May 2005
Volume 46, Issue 13
Free
ARVO Annual Meeting Abstract  |   May 2005
Use of Comparative Genomics to Facilitate Identification of Mutational Hotspots for Development of an RP Genotyping Array
Author Affiliations & Notes
  • G.J. McKay
    Ophthalmic Research Centre, Queen's University Belfast, Belfast, United Kingdom
  • A. Arora
    Ophthalmic Research Centre, Queen's University Belfast, Belfast, United Kingdom
  • S.K. Todd
    Ophthalmic Research Centre, Queen's University Belfast, Belfast, United Kingdom
  • G. Silvestri
    Ophthalmic Research Centre, Queen's University Belfast, Belfast, United Kingdom
  • D.A. C. Simpson
    Ophthalmic Research Centre, Queen's University Belfast, Belfast, United Kingdom
  • Footnotes
    Commercial Relationships  G.J. McKay, None; A. Arora, None; S.K. Todd, None; G. Silvestri, None; D.A.C. Simpson, None.
  • Footnotes
    Support  HPSS R&D Office RRG 11.14
Investigative Ophthalmology & Visual Science May 2005, Vol.46, 1811. doi:
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      G.J. McKay, A. Arora, S.K. Todd, G. Silvestri, D.A. C. Simpson; Use of Comparative Genomics to Facilitate Identification of Mutational Hotspots for Development of an RP Genotyping Array . Invest. Ophthalmol. Vis. Sci. 2005;46(13):1811.

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      © ARVO (1962-2015); The Authors (2016-present)

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Abstract

Abstract: : Purpose: Over thirty genes have been implicated in Retinitis Pigmentosa (RP). It is apparent from analysis of well–characterised genes that mutations are not evenly distributed but are located in clusters or ‘hot spots’. These clusters are often within critical functional regions and for this reason are highly conserved amongst orthologs from other species. Our aim is to perform a systematic comparative sequence analysis of known RP genes. This will firstly define the extent of this correlation in those genes for which extensive mutation data is available and secondly predict mutational hotspots in less well–characterised genes. This information will facilitate development of a genotyping array. Methods: Orthologs of 14 ADRP and 17 ARRP genes were identified using Ensembl and aligned with ClustalW (EBI). A javascript was written to map mutational data from well–characterised genes to the multiple sequence alignment. Conserved regions were identified and compared with the distribution of mutations. Results: Analysis of well–characterised genes such as RP4 (RHO) and RP7 (RDS) confirmed that mutations occur preferentially in conserved regions. For RP4, analysis of close orthologs defined conserved regions comprising 93.4% of the coding sequence in which 98.5% of the 66 known missense mutations were included. Addition of further orthologs refined the conserved regions to 69.1% of the coding sequence in which 81.8% of mutations were found. Within the RP7 gene, regions conserved amongst close orthologs covered 78% of coding sequence encompassing 90% of the 40 mutated codons identified. Regions conserved amongst additional orthologs (43.8% of the coding sequence) were found to harbour 70% of the mutations. We have applied this comparative analysis to the other RP genes to refine conserved regions in which it is predicted that a high percentage of mutations will reside. Conclusions: Comparative genomics is a valuable tool to refine likely mutational hotspots in novel genes. Although refinement of conserved regions by consideration of additional orthologs reduces the absolute number of mutations predicted, the number of mutations predicted per codon analysed, increases. This information has been used to optimise the sequences included on a re–sequencing genotyping array designed to detect existing and novel mutations within RP genes. The availability of this comparative sequence data will provide an indication of the possible location of new sequence variants.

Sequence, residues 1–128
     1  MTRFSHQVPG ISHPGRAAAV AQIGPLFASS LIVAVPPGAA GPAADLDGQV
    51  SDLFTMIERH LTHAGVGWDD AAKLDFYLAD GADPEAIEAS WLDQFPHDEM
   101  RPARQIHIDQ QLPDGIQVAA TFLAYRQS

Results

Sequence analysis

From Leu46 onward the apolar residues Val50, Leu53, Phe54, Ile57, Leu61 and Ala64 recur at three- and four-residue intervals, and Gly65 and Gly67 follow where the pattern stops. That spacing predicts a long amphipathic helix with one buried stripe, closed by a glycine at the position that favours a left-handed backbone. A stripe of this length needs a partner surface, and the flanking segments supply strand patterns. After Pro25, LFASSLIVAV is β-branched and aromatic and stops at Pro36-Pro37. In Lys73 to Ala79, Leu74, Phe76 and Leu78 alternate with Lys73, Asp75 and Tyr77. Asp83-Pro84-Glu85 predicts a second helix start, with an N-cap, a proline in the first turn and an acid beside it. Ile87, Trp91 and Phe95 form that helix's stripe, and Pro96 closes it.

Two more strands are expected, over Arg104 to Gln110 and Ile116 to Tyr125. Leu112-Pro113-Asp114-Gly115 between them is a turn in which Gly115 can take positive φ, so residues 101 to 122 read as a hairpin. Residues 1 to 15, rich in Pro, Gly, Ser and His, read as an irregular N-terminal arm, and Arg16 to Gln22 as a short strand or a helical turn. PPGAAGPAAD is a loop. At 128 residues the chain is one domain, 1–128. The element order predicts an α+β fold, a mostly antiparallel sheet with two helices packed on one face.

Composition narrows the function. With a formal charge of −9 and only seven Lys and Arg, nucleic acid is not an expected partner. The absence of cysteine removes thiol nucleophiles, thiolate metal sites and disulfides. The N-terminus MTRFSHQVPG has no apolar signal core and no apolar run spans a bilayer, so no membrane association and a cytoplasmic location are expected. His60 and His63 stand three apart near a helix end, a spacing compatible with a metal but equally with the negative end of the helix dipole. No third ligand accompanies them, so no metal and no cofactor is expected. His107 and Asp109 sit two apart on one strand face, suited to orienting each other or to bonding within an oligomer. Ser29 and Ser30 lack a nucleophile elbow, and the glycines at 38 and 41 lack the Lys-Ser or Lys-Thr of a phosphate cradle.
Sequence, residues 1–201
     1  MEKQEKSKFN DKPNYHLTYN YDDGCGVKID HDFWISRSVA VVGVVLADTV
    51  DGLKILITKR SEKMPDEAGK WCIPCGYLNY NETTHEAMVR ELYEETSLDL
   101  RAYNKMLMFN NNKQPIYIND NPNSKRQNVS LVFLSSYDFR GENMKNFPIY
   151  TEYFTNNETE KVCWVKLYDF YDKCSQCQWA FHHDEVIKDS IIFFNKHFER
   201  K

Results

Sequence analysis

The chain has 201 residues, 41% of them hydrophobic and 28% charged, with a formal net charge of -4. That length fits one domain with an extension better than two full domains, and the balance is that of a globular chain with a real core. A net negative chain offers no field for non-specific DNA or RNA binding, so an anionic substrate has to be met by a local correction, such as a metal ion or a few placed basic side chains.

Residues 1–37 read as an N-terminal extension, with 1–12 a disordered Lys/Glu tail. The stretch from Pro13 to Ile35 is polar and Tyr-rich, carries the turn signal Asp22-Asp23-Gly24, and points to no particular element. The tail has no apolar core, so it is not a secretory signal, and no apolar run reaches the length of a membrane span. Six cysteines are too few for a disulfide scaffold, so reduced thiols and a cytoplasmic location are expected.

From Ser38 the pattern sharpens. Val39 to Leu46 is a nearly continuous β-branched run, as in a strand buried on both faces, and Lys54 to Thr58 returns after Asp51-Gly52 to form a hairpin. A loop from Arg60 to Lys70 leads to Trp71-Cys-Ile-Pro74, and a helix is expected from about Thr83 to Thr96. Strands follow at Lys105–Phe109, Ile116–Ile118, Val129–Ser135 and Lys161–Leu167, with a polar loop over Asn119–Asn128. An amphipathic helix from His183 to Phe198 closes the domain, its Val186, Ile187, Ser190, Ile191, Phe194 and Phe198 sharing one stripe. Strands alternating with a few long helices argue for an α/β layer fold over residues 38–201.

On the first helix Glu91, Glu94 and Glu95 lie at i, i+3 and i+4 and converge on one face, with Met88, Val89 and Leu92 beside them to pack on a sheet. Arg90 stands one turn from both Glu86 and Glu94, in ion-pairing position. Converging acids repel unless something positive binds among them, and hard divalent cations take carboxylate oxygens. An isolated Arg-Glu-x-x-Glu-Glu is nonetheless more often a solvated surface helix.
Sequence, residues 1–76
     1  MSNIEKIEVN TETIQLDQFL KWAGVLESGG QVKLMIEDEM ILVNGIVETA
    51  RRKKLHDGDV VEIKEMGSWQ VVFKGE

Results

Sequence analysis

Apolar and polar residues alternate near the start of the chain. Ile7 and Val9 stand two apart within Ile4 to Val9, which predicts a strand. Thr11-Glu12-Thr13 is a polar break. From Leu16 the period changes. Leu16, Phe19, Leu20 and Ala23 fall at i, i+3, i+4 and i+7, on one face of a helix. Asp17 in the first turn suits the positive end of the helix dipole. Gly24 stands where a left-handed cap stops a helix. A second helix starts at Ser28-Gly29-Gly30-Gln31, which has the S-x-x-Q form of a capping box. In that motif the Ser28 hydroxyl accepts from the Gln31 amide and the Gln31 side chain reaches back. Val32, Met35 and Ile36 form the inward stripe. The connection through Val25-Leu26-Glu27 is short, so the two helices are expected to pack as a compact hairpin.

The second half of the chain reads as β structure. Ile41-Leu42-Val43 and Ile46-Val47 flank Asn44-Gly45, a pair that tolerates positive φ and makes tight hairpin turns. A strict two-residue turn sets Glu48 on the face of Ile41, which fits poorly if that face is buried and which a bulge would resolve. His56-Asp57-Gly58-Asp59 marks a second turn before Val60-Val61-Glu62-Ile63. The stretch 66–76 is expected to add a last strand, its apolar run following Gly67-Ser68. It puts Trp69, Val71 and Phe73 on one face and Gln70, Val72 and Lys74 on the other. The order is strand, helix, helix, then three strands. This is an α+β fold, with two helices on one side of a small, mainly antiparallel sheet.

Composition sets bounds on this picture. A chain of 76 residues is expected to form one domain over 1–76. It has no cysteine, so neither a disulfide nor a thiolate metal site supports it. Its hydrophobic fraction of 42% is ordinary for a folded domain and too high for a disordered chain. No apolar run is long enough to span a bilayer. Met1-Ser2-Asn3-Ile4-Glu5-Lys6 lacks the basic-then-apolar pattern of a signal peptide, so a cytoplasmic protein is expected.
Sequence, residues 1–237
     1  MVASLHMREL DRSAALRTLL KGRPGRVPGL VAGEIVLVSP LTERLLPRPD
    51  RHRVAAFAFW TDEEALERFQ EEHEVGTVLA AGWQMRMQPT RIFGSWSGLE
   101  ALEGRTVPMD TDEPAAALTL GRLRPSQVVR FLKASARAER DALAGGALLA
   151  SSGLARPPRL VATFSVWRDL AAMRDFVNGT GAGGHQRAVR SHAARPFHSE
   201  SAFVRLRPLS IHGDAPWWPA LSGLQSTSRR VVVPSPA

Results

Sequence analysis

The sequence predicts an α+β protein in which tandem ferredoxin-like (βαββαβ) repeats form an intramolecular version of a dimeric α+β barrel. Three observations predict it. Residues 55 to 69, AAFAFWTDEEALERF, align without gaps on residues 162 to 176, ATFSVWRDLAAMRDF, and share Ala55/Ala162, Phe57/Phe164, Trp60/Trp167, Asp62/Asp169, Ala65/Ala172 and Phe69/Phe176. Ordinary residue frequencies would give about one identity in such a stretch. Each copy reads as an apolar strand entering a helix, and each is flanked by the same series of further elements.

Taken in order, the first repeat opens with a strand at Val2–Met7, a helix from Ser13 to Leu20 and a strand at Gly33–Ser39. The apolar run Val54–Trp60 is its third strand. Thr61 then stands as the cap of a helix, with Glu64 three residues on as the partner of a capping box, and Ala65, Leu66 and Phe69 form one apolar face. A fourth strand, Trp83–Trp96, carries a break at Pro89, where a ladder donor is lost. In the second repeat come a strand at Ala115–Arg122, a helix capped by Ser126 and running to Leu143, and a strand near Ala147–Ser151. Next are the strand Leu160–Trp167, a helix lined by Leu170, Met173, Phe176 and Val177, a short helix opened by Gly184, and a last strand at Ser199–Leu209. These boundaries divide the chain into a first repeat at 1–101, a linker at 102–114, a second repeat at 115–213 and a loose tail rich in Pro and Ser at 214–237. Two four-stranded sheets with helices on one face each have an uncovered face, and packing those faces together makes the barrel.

Keywords: mutations • gene screening • computational modeling 
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